Cosset elaborates on the U.S. introduction of the Ocado Smart Platform: “Ocado is a way for us to accelerate and simplify the fulfillment of delivery, by concentrating and consolidating volume. It creates automation and efficiency, which has a very positive financial impact for our shareholders and also allows us to provide a service to the customer that’s affordable. It also allows us to start distributing what’s referred to in the industry as a piece pack capability, and start bringing orders or small replenishment to different touchpoints for the customer. Smaller store formats can greatly benefit from that asset. When you think about reaching and being available to all of America, Ocado removes some of these barriers.”
In fall 2017, The Kroger Co. launched the Restock Kroger initiative at the company’s annual investor conference. Restock Kroger has four main drivers, which together create shareholder value:
- Redefine the Grocery Customer Experience (data and personalization, digital, space optimization, Our Brands, smart pricing)
- Expand Partnerships to Create Customer Value (infrastructure and technology upgrades, alternative revenue streams)
- Develop Talent (associate experience, investing in and retaining store associates, high-performing leaders and teams)
- Live Our Purpose (Zero Hunger | Zero Waste, Our Culture = Our Values + Our Promise)
“When you invest in your people, they stay longer,” McMullen says. “When they stay longer, our retention significantly improves, and the people fall in love with the things that we’re great at.”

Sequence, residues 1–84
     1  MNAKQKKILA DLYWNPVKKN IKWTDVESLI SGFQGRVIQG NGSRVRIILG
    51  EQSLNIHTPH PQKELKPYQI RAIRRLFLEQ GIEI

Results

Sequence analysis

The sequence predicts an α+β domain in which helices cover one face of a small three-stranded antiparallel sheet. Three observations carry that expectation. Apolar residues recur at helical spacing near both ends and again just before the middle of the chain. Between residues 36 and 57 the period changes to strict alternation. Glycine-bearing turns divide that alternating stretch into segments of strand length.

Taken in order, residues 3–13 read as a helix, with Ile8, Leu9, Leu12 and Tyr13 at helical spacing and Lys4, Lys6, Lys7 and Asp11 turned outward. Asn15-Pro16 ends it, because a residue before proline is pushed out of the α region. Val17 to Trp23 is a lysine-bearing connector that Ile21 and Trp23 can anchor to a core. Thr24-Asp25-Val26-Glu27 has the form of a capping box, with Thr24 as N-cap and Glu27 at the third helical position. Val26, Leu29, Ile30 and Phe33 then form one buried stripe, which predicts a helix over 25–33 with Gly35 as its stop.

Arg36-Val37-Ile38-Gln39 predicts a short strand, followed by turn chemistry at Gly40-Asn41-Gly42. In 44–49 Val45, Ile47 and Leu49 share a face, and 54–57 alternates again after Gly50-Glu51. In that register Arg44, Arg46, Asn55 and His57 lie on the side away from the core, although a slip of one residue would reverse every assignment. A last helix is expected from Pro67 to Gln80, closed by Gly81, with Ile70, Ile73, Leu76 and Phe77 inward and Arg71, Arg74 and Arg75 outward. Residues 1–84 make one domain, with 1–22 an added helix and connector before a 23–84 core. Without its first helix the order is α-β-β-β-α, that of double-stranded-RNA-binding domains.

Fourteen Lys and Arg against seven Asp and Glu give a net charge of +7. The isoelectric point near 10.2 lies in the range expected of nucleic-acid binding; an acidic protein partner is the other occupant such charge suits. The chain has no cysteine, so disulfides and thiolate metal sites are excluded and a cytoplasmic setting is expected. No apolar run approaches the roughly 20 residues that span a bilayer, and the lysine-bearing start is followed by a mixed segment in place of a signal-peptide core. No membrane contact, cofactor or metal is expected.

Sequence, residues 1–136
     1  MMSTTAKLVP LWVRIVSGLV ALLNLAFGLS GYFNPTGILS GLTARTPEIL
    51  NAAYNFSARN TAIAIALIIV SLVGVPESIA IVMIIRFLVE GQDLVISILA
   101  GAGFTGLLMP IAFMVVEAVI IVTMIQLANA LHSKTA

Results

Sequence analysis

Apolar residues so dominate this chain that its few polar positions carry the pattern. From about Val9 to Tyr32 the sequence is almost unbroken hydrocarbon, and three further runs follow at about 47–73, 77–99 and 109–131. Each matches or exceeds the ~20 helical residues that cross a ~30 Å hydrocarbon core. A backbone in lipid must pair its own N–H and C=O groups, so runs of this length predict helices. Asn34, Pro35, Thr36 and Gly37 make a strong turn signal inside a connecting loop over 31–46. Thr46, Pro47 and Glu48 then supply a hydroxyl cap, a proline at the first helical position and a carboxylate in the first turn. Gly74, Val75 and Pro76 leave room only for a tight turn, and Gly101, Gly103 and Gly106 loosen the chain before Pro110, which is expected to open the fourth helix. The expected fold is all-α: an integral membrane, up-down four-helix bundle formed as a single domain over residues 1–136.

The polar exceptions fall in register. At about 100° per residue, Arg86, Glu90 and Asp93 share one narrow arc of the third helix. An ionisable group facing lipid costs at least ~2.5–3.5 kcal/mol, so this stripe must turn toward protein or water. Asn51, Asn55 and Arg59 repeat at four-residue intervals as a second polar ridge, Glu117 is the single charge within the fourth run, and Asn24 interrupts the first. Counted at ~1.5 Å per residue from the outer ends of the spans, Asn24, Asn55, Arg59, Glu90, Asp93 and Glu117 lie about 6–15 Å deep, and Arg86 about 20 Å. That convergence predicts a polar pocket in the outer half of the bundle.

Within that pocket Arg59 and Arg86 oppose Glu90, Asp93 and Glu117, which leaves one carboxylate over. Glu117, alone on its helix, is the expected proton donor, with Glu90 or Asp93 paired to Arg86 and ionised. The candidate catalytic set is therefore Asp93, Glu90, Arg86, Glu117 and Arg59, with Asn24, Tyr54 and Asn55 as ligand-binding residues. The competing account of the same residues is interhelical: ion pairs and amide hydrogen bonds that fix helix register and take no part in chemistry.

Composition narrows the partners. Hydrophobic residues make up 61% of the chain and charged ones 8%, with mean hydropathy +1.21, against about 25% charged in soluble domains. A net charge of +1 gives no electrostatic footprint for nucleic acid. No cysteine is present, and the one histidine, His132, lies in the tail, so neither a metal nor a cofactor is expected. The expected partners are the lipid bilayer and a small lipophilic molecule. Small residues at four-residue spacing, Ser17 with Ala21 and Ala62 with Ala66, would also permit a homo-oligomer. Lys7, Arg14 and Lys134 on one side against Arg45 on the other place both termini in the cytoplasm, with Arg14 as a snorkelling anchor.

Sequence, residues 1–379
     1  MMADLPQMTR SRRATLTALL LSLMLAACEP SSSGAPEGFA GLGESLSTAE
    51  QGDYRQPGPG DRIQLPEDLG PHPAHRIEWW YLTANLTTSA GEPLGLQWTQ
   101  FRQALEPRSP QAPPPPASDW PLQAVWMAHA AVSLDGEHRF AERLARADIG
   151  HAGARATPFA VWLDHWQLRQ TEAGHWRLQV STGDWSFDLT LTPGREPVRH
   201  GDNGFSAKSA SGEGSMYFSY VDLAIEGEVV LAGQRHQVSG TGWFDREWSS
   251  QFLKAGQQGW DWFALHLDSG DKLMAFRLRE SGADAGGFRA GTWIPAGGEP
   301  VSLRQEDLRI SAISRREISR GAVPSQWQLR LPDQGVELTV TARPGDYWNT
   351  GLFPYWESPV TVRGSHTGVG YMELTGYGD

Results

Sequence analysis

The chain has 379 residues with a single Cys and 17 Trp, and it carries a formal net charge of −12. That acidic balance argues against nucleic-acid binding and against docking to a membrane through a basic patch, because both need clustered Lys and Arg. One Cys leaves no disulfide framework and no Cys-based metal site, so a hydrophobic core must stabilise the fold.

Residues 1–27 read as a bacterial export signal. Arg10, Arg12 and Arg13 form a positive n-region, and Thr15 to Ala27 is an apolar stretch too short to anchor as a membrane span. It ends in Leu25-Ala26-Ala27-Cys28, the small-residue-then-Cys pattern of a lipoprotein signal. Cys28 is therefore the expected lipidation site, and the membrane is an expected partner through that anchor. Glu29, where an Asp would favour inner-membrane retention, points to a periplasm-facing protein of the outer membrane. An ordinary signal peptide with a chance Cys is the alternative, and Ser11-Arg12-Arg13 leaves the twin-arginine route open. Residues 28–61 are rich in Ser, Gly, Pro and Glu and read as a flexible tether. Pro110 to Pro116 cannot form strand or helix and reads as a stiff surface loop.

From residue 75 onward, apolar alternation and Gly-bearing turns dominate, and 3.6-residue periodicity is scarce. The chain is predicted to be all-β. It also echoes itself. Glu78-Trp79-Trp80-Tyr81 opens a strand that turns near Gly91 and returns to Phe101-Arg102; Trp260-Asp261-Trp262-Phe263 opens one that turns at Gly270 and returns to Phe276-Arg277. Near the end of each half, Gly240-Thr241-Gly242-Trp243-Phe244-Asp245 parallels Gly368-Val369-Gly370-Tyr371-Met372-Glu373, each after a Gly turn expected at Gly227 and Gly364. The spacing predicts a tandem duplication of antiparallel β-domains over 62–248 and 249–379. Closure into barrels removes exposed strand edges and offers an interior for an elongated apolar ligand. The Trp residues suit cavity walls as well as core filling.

He continues: “To me, there isn’t anything more pleasurable than watching somebody grow as a human being. I always want, when somebody comes to work for Kroger, for them to stay forever. But even if they don’t — the other day, I was talking to a gentleman at the convention center in Cincinnati. He was telling me: ‘My first job was at Kroger. I loved it. I used to be really shy, and it helped me get used to talking to people, and I worked [there] through high school and college. After I got out of college, I went and did other things, but I still use some of those things today.’”
Seventy percent of Kroger’s store directors started out as hourly associates. Getting in on the ground floor is something McMullen knows all too well: He joined the company as a teenager to pay for college.
“I started at Kroger for less money than I could’ve started somewhere else, because you get a tremendous amount of responsibility at a very young age, and you get to do something that’s a constant change,” he says. “If you look at that, what we’re trying to do is to help support people, to help them fall in love with people and to help them fall in love with food.”
McMullen hopes that connection will attract more young people to the business of food retailing.
“You get to engage with people two to three times a week,” he notes. “You’re there for many of the most important moments in people’s lives. The other day, I was in one of our bakeries, and the associate was making cupcakes for a reveal party. The couple didn’t know whether it was a boy or a girl yet, because they wanted to learn at the same time that their family learned. Our bakery associate knew and made the cake. Being able to be part of that occasion is pretty darn special, because you get to be part of lifetime events for a customer, and helping make that lifetime event a little bit more special is pretty darn cool. We have a tremendous success at getting people to come for a job that becomes a career.”
Jessica Adelman, group VP of corporate affairs, says that she hopes as many associates as possible take advantage of Feed Your Future, “because that’ll be better for Kroger and, of course, better for them in the long run.”
The workplace, Adelman notes, is transforming into something that offers purpose beyond selling.
“Irrespective of generation, people want to work at an organization with a sense of purpose, and they want to know that the place where they work has values that match their values,” she observes. “So we did some really deep work on our purpose — research, focus groups. We talked to a huge portion of our workforce and really came across our purpose, which is to feed the human spirit.